But don’t assume for even one moment that the “F-U Fifties” reflects a self-reproaching attack by this birthday girl for reaching that pivotal age gravely considered “over the hill.” Au contraire, this term is actually meant to be aimed at others, as ‘Finally,” Levine writes, “we feel empowered to tell others to ‘f—off’.”
Now, I don’t propose that we, as professional journalists, indiscriminantly curse at others either verbally or in writing, as did a University of Mississippi student journalist last year who was ultimately charged with disorderly conduct and sent to prison. Instead, I am suggesting that, as Erica Jong says, “We need to save ourselves.”
In her book “Fear of Fifty,” Jong wrote: “In our twenties, when success and motherhood are still before us, we could imagine that something would save us from second-classness — either achievement or marriage or motherhood. Now we know that nothing can save us. . . The anger of midlife is a ferocious anger.”
And, yes, I have certainly felt ferocious. As I now think back on my 30-year career in the media, many times I had wanted to tell a condescending editor, arrogant interviewee, or callous co-worker to f— off. This anger only elevated when desperately trying to balance my work and family responsibilities as a new mother 20 years ago, I tried to explain to too many disbelieving bosses that I had leave the office early to attend a school play or take care of a sick child. As my appeals continually fell on deaf ears, I would ultimately concede, since as women we are taught early that rather than stand our ground, we should instead know our place, which translates to primarily remaining polite, humble, demure, timid, fearful, cowering, submissive (feel free to insert additional adjectives here).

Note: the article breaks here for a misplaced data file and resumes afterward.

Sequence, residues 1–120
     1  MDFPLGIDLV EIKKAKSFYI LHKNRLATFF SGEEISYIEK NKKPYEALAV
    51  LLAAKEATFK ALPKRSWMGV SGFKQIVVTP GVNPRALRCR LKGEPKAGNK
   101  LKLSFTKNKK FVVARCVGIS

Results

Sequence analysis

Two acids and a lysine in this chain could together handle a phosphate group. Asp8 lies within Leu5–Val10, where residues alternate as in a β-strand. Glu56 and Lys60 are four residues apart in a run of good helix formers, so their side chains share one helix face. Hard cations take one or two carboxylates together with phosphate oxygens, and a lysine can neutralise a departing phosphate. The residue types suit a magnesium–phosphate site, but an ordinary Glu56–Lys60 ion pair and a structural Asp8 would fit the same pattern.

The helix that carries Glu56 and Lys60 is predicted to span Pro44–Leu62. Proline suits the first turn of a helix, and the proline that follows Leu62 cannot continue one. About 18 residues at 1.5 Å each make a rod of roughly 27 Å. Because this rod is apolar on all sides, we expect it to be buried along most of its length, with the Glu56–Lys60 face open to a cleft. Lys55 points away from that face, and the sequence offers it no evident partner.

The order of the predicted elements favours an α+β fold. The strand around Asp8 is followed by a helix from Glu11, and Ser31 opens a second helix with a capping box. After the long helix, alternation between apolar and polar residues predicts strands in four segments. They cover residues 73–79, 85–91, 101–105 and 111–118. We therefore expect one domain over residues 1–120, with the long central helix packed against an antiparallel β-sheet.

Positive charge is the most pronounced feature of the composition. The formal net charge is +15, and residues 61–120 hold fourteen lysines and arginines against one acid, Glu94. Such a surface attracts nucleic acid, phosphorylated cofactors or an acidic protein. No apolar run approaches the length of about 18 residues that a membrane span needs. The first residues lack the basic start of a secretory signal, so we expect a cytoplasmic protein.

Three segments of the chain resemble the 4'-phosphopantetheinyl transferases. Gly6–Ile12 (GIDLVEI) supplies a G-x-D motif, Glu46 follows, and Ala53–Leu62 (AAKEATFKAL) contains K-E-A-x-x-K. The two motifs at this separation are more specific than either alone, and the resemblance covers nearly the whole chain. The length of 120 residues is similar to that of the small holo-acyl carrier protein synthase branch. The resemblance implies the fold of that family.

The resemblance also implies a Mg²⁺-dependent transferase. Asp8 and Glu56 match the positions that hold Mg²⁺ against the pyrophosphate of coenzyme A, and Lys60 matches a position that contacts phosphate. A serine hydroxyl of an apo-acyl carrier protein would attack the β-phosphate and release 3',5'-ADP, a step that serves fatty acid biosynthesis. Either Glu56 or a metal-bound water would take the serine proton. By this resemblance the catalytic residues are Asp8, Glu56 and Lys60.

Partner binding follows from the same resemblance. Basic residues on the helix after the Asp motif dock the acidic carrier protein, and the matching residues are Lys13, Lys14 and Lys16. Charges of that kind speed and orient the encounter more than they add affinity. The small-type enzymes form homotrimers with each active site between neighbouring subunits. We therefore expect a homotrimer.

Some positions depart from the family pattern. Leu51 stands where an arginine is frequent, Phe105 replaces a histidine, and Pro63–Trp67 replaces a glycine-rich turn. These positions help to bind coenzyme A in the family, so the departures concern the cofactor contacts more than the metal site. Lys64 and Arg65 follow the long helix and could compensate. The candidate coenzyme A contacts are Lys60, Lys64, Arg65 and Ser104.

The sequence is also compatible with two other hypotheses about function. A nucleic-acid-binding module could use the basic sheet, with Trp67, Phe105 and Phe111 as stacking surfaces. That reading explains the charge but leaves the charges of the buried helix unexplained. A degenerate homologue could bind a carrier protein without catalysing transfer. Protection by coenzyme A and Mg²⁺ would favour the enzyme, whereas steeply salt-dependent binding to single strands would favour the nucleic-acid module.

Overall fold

And this is not surprising since, according to Louann Brizendine, author of “The Female Brain,” women have much less direct relationship to anger than men. “Pushing someone else too far, demanding too much and escalating conflict are all situations that, for most of our lives so far, we would do almost anything to avoid.”
But the importance of conflict should not be underestimated, and the need to sometimes curse should be even less so. According to the results of a 2009 research study from the school of psychology at Britain’s Keele University, swearing has been found to make people feel instantly better by imparting a “pain-lessening effect.” And, after all, men must have known about these health benefits for years. Just look at some of the male leaders of our great nation who have used the f-word, without apology. Former Vice-President Cheney, for example, said “f— off” or “go f— yourself” to Democratic Senator Leahy, and current Vice President Joe Biden told another senator to “Gimme a f–ing break!” Neither Vice-Presidents regretted or apologized for using this word and, now, neither will I.
I feel better already.
— Lori Sokol
Lori Sokol is president of Jersey City, N.J.-based Sokol Media Inc., publisher of NY Residential, Green Matters and Work Life Matters magazines, and host of the weekly radio show, Juggling Act, on 1490AM WGCH.